The Yeovilton-based Commando Helicopter Force (CHF) squadron were involved in their largest helicopter assault force since the conflict in Afghanistan during the annual winter outing to Norway, Exercise Clockwork.

Based out of Royal Norwegian Air Station Bardufoss, 847 NAS worked alongside NATO allies, Norway and the United States, in a six-strong aircraft force to take troops into the heart of combat exercises and provide vital air support.

Flights to the Setermoen Ranges also meant the Wildcat crews could put the aircraft’s mounted .50 calibre M3M 12.7mm machine gun through its paces in the extreme cold – vital testing to ensure the weapon itself and the crews can handle freezing temperatures around -20°c.

“At the ranges we’ve been operating the M3M weapons system, qualifying our weapons operators in their annual competency,” said Petty Officer Aircrewman Paul Iche of 847 Naval Air Squadron, the Crew Served Weapons Instructor for the Wildcat Exercise Clockwork detachment.

“With the M3M fitted, the door of the aircraft has to be open. It brings in quite a wind chill and that then effects the operators’ ability to maintain the position behind the weapons system.

“We’ve been operating in temperatures as low as -20°c, so we have to monitor the operators for cold weather injuries.

“Due to the cold, certain parts of the weapons system expand and contract with the difference in temperature, but that has so far not effected the running of the system.”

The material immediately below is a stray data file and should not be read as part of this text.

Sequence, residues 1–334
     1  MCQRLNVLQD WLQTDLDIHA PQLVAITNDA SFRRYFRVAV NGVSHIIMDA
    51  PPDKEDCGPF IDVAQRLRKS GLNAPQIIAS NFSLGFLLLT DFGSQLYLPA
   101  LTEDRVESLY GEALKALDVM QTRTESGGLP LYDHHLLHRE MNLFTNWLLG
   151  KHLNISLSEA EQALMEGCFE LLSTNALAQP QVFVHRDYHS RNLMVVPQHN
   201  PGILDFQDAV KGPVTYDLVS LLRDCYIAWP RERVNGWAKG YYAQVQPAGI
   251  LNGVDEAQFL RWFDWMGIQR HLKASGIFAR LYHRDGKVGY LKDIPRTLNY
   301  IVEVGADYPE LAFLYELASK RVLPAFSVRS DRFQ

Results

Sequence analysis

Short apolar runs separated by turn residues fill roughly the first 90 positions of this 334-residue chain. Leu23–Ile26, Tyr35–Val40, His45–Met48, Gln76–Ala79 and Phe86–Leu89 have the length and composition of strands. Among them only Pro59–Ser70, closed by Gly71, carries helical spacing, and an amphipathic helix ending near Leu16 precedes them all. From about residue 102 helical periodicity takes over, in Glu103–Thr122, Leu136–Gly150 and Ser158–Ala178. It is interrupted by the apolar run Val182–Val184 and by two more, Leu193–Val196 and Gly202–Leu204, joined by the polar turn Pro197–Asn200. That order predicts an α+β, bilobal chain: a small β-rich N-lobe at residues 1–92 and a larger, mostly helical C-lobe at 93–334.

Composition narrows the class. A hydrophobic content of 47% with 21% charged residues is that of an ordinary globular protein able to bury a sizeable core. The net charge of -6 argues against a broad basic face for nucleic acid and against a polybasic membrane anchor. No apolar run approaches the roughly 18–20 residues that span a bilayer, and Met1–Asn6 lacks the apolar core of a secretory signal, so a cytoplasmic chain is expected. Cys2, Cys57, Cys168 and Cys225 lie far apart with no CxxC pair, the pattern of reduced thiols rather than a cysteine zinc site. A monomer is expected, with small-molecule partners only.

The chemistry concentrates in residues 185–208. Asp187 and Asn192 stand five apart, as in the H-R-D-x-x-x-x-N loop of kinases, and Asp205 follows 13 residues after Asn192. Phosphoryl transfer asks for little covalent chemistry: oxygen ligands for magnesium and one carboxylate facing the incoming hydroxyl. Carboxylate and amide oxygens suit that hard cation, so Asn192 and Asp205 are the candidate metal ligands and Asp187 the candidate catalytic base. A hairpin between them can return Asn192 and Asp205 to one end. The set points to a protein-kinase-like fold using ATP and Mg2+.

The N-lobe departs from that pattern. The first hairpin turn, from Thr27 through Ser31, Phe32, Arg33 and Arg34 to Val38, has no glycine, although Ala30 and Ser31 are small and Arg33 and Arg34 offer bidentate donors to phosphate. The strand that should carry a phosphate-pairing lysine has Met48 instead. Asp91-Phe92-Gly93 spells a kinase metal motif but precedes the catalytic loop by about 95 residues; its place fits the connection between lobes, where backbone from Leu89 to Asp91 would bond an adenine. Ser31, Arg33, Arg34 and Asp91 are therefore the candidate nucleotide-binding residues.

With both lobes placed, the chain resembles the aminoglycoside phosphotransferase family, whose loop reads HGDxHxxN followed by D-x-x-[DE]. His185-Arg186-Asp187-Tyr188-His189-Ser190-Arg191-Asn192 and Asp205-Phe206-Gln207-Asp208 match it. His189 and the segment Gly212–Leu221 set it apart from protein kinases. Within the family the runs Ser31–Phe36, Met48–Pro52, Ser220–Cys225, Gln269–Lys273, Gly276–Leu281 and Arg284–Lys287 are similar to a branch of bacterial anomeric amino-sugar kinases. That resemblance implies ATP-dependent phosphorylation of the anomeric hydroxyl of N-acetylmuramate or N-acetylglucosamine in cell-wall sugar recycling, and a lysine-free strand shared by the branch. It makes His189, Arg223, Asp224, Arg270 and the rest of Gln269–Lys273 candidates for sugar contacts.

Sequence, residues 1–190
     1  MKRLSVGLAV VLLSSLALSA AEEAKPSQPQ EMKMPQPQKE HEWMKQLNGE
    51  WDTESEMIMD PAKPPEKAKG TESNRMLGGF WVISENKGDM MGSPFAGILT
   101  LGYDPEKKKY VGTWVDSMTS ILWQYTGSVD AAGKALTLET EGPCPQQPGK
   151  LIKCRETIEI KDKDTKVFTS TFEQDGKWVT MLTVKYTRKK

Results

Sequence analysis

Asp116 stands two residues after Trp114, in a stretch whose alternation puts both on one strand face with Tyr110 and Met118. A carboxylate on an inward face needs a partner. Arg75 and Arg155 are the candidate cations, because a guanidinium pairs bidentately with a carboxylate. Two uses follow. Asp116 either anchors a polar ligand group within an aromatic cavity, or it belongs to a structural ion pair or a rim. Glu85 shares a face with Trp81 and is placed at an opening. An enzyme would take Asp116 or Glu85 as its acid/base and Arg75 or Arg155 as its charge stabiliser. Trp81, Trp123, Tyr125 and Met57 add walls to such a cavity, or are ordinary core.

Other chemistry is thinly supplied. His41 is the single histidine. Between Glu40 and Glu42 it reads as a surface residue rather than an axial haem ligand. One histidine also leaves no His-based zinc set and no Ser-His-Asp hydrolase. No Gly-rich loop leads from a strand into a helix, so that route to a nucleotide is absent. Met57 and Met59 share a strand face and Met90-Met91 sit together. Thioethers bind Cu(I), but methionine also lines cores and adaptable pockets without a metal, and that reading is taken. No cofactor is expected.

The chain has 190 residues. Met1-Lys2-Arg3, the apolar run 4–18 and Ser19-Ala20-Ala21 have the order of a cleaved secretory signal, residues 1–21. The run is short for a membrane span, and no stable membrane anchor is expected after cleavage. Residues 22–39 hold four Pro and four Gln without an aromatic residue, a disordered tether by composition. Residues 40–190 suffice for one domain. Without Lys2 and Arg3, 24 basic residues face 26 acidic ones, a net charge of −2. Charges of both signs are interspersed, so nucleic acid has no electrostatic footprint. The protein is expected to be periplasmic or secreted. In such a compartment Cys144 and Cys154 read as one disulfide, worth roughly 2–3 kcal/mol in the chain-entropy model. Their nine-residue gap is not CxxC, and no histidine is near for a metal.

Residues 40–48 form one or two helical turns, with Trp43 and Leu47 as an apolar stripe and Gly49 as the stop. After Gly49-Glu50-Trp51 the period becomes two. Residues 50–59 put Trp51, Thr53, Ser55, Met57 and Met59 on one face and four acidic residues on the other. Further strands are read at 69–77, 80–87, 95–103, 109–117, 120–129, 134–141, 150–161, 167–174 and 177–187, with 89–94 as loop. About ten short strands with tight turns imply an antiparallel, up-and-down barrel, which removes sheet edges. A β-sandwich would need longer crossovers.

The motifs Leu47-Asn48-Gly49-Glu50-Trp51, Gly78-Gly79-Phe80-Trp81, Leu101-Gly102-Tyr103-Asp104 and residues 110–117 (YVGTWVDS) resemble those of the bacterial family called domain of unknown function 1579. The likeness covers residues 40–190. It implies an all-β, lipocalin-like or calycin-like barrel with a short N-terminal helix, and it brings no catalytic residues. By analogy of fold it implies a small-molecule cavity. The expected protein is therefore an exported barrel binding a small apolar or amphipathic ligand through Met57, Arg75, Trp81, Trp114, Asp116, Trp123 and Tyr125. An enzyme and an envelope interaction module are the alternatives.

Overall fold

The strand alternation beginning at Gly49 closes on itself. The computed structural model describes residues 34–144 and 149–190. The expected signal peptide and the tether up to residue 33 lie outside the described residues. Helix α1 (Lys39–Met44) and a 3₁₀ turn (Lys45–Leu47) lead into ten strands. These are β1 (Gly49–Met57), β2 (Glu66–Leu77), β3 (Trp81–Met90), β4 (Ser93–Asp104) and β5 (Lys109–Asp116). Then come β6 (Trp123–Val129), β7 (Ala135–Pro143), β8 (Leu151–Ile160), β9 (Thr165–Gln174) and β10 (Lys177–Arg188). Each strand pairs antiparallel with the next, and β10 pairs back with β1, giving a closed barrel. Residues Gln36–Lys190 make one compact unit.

Overall, the Wildcats of 847 NAS, on just their second foray to Bardufoss, have shown their versatility on a very fruitful mission to northern Norway.

They have forged and strengthened bonds with fellow NATO forces, the Army’s Apache attack helicopter – on its first venture to Exercise Clockwork – and, of course, with their familiar friends the Royal Marines.

During helicopter assault missions, the Wildcat provided an escort to four Bell 412s of 339 Squadron of the Royal Norwegian Air Force.

The Wildcats used their capability as a battlefield reconnaissance helicopter to clear landing sites, making way for the Norwegians’ twin-engine utility warbird to deliver troops to the frontline or extract them.

While supporting the Norwegian aircraft, the Wildcats provided crucial air support, communicating closely with embedded units from the United States Marine Corps, to guarantee ground units had sufficient cover.

Alongside the Royal Marines, the Wildcats trained with 30 Commando XI’s Surveillance and Reconnaissance Squadron, while work alongside the Apache of 656 Squadron also proved highly fruitful.

Together the two helicopters are becoming a deadly duo, with Wildcat finding targets using its reconnaissance abilities and Apache destroying it.

Before taking the fight into the cold, the Wildcats' crews first undertook qualifications to be able to operate in the Arctic freeze.

That was made up of ten sorties, including mountain flying, snow landings by day, night and using night vision goggles.